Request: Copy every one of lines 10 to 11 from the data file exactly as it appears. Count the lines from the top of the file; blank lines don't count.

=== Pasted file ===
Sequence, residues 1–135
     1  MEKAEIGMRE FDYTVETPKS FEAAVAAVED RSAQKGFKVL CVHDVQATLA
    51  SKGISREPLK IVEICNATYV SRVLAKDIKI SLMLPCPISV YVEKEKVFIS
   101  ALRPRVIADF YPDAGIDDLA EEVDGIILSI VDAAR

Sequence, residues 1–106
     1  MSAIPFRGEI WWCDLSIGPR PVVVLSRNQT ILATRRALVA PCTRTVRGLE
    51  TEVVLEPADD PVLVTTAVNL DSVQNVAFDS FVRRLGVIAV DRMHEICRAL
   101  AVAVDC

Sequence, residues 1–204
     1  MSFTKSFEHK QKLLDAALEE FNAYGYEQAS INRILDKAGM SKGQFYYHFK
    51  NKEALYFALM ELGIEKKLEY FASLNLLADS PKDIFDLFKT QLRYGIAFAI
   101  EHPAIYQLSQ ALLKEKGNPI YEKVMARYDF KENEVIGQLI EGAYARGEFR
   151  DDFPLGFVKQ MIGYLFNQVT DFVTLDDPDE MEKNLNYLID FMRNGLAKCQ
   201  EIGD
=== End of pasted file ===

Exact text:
     1  MSFTKSFEHK QKLLDAALEE FNAYGYEQAS INRILDKAGM SKGQFYYHFK
    51  NKEALYFALM ELGIEKKLEY FASLNLLADS PKDIFDLFKT QLRYGIAFAI